From tweezer technique to whether DIY threading is a good idea, here’s how to pluck up the courage (sorry) to shape your eyebrows at home
As anyone who’s ever overplucked can attest, browscaping mistakes can make a huge difference to the overall balance of your face.
As a general rule of thumb, shaping your eyebrows is best left to the professionals. However, there may be some occasions when a trip to your technician’s chair just isn’t possible. Work and life can get in the way, meaning that sometimes we may feel more inclined to take matters (and tweezers) into our own hands.
When it comes to plucking your eyebrows, there’s one golden rule. Well, two actually – work with your natural brow shape and less is more. “Don’t aspire to a celebrity brow or trend,” says brow expert Jenna Treat (@jennatreat on Instagram). “Own what you have and make them the best version of what they already are.”
“Oh...and do not drink and tweeze. I’ve done this. It did not end well.” Make that three golden rules.
Tempted to try and pluck your own eyebrows? Here is Jenna's expert how-to.
How to pluck your eyebrows without it hurting – A step-by-step by brow expert Jenna Treat
1. Plan ahead
“Study brows from a distance in the bathroom mirror (never a tiny hand mirror – be wary of getting too close to the brows or focusing on them individually). Treat them as a pair and single out odd hairs that need removing.
“Take a selfie of your brows when they look their fiercest. Zoom in. Plot the removal. Mark-up the hairs that don’t need to be there. Be conservative. Do not rush. You can always take, you cannot replace.”
2. Tweeze brows when dry
“Always tint, trim and tidy brows then they’re bone dry. Comb brows up and back, against the grain and release. Brow hair has an elastic quality, like head hair, so has a bounce back factor. If it’s held down and trimmed, you can end up looking stern and judgy.”
3. Stretch the skin
“Great lighting is essential for tweezing. Using your thumb and forefinger, stretch the skin on the targeted brow until it’s taut. This helps alleviate pain and ensures smoother hair removal. Hairs can be multidirectional, and regrowth is often short and hard to grasp. But where possible, tweeze with the direction of hair growth. Remember to look at the brows with perspective between tweezes to prevent going overboard.”
3. Start in the middle
“Visualise a 5p coin. A target if you will. No tweezing out of bounds. If you have a boundary, you can’t accidentally venture into the sprigs at the front of the brow, which is the cornerstone for achieving fullness. Remove marked hairs underneath a hair or two at a time, alternating sides and inspecting from a distance every few tweezes.”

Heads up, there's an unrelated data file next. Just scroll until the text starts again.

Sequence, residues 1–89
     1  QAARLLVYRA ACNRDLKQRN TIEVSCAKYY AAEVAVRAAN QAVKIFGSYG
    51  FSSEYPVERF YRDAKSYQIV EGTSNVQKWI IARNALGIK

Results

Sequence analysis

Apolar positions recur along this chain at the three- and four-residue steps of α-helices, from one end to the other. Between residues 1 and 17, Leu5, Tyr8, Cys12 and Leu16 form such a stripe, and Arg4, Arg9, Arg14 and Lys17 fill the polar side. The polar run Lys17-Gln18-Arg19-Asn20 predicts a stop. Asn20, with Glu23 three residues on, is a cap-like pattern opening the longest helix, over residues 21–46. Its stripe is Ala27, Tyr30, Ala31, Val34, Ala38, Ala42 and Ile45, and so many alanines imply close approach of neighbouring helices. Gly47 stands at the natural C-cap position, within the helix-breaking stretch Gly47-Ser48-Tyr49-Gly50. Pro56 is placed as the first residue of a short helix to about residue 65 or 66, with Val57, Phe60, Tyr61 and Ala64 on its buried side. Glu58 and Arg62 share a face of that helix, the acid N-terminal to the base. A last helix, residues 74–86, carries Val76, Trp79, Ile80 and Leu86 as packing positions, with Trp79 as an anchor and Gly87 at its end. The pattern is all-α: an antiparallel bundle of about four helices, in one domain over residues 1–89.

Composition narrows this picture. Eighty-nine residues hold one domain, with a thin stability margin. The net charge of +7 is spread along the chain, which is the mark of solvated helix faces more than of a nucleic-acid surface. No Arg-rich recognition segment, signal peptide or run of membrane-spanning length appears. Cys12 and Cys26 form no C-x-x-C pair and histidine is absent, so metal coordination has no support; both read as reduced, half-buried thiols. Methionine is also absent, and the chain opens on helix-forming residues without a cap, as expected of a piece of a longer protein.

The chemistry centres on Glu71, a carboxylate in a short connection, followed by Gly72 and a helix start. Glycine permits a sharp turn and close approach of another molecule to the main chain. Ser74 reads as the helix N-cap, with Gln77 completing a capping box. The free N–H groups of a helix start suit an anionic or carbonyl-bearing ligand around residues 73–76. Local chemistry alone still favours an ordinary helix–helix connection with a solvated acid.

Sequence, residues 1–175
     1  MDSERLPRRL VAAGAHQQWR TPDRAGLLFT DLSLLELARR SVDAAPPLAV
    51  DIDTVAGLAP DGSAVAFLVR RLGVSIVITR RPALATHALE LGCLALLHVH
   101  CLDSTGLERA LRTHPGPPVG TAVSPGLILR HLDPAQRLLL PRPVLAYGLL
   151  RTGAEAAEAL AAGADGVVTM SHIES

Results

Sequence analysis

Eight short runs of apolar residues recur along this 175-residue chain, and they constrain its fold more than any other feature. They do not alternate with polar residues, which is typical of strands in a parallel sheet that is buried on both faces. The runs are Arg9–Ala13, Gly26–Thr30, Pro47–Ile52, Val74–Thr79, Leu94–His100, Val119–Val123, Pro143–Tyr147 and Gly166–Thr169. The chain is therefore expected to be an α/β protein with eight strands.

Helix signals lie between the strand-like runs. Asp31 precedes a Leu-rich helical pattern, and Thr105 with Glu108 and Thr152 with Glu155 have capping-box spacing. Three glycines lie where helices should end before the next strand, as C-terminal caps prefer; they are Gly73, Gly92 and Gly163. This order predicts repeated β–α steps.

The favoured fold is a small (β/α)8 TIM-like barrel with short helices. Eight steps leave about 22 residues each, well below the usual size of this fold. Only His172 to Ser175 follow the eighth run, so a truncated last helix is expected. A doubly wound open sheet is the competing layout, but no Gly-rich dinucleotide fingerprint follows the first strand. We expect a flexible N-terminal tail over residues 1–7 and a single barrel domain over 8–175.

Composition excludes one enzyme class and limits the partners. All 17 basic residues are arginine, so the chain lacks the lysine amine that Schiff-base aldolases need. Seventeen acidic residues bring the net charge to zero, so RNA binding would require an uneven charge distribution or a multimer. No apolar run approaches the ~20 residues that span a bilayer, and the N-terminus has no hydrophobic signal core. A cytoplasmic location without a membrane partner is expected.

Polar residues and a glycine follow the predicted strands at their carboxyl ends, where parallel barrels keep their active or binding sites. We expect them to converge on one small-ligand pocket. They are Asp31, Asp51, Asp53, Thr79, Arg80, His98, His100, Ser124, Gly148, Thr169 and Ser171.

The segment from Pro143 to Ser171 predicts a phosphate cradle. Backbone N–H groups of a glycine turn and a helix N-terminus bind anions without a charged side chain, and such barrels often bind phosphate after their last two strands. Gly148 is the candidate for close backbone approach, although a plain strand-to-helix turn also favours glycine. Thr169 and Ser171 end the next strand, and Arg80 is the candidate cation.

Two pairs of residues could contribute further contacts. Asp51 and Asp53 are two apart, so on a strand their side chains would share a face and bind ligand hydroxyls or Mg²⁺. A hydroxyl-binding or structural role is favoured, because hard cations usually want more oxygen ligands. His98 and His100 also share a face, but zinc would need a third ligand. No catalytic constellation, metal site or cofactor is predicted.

4. Less is more – follow your natural brow shape
“Avoid tweezing too far into the front from the centre, or removing the ends. Brows should be sprig-like and as naturally arched as possible, should trail off and not end abruptly. This often means that strategically stray-but-tidy is the goal. There are no right angles in the brow kingdom, and thus should not be the aspiration. No-one scrutinises our brows like we do, so it’s okay for them to be perfectly imperfect.”
The Boots edit – nine of the best eyebrow products to try
Explore more great options here.
How to thread your brows at home
So now you’ve mastered plucking your eyebrows, but how about threading? It’s a whole different ball game.
For anyone who's had threading done professionally, you’ll know only too well how complex the dance between threader and threadee goes – the strategic stretching of the skin by the customer while the professional expertly manipulates the thread to swiftly lasso hair out with a ridiculous level of precision. It’s an art and a skill that takes years of practice and training to perfect.
Did we happen to also mention that your eyes are closed throughout? With all of that in mind, it will probably come as no surprise to learn that most (if not all) brow experts would advise you to avoid threading your brows DIY style.
As well as potentially ruining your brow shape, you also run the risk of cutting the skin if it isn’t held taut enough, not to mention catching your eyelashes too – we’re flinching just typing about it!
If however, you’re still curious, here are some provisos to bear in mind (proceed at your own risk...)
• Do your research: Have a good look on YouTube for videos that break down the threading basics.
• Practise on your leg: Get used to the specifics of the technique by practising it on anywhere but your face.
• Ask a friend: You will need another pair of hands to hold the skin taut.
• Focus on the middle and strays: Avoid trying to shape the eyebrows. Instead focus on tidying up the odd stray around, but not underneath the brow bone.
To be honest, if you’re only going to be tidying them up, you’re best sticking to the tweezers. It’s a much safer option. Threading really is best left in the hands of the pros.
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Brow expert, Jenna Treat. Fantastic fountain of knowledge on all things brows (I have worked with her previously at Get The Gloss). She was previously based at the Josh Wood Atelier.